Temporal Nutrient Dynamics in Cool-Season Pasture
Jones, Gordon B
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Understanding the nutrient dynamics of pastures is essential to their profitable and sustainable management. Tall fescue [Schendonorus phoenix (Scop.) Holub.] is the predominant forage species in Virginia pasturelands. Although tall fescue pasture is common, little research has attempted to document how soil and herbage nutrient concentrations change through time. This thesis summarizes two studies conducted within the context of a larger grazing systems project near Steele\'s Tavern, VA. The objectives were to: (1) examine temporal changes in plant available soil nutrient concentrations in four grazing systems, (2) determine how hay feeding and use of improved forages affected soil and herbage nutrient concentrations (3) examine the relationship between and variability within soil and herbage nutrient concentrations, (4) analyze the seasonal variation in herbage mineral concentration with regard to beef cattle requirements, and (5) create a statistical model to predict variation in herbage mineral concentration across the growing season. Analysis of plant and soil nutrients through 5 years of grazing produced several important findings. Soil pH, P, and Ca, Mg, and B declined through five years of grazing. Higher concentrations of herbage N and K and soil P, K, Fe, Zn, and Cu were measured in hay feeding paddocks. Herbage nutrient concentrations showed less variability in P and K than did soil test results. Fertility testing in pastures is important to monitor changing nutrient concentrations, and this study showed that herbage analysis may provide a more stable and accurate assessment of pasture fertility than soil testing. Pasture herbage, grown without fertilization, contained sufficient concentrations of macronutrients to meet the requirements of dry beef cows through the growing season and to meet the requirements of lactating beef cows in April. A model was developed using soil moisture and relative humidity that predicted (R2 = 0.75) variation in herbage mineral concentration throughout the growing season. As described in this thesis, use of modeling to predict nutrient dynamics in pasture could allow for more efficient mineral supplementation strategies that lead to improved profitability, nutrient retention, and livestock health.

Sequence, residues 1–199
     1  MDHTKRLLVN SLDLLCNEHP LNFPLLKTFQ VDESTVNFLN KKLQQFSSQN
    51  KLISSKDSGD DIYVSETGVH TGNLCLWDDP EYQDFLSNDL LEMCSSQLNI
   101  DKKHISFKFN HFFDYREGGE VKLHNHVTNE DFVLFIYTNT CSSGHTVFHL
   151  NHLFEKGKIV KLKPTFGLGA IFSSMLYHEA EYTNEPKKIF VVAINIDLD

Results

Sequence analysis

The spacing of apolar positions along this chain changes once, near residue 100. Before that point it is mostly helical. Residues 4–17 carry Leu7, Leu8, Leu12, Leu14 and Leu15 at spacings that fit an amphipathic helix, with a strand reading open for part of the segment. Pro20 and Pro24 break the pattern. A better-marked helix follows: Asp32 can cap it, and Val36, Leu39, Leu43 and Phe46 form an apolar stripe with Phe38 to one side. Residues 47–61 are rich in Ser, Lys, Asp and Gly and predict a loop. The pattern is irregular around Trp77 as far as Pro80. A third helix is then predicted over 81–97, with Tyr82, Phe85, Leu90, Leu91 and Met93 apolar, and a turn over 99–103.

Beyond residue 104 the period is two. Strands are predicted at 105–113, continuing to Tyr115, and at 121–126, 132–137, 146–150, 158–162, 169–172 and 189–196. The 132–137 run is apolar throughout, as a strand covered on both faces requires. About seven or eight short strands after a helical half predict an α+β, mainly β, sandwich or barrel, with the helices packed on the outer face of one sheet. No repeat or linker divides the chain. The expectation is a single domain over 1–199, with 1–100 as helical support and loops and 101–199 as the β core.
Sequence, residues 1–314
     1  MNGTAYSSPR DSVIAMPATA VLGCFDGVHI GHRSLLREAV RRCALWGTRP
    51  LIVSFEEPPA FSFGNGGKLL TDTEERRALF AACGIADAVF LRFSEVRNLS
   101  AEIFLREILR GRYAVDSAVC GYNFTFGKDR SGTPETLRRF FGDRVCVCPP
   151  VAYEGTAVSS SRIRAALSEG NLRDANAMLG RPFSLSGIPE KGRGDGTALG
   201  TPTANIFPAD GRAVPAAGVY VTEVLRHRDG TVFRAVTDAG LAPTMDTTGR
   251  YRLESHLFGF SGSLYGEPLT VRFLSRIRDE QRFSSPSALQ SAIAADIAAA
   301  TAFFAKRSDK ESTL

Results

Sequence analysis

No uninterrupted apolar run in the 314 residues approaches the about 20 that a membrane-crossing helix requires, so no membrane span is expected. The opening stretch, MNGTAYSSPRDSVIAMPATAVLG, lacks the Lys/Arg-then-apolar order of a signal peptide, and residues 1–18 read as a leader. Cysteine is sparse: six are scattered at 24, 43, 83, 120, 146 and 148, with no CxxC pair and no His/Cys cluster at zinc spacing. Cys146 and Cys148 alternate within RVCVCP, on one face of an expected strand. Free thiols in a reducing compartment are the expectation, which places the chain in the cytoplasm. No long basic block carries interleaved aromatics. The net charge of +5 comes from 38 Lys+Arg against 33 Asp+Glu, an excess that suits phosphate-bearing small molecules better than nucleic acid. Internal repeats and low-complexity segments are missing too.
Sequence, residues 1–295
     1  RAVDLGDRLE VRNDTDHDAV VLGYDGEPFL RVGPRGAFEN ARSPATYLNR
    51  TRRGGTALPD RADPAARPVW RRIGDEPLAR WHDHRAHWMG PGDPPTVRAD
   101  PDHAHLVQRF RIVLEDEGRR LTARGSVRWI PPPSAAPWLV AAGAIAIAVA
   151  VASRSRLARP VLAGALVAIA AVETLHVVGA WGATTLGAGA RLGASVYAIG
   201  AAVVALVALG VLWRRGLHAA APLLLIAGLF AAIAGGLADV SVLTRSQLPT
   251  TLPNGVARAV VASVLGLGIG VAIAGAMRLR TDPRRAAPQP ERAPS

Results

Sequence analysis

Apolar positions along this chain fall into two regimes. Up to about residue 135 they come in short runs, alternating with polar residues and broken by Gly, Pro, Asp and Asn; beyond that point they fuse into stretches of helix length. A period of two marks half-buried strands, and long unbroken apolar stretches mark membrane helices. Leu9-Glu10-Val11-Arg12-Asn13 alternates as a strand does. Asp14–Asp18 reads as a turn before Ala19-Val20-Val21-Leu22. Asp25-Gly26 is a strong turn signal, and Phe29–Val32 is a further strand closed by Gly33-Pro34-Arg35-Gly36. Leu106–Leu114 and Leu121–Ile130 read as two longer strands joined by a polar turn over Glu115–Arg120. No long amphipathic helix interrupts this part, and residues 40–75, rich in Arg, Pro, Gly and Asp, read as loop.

- Masters Theses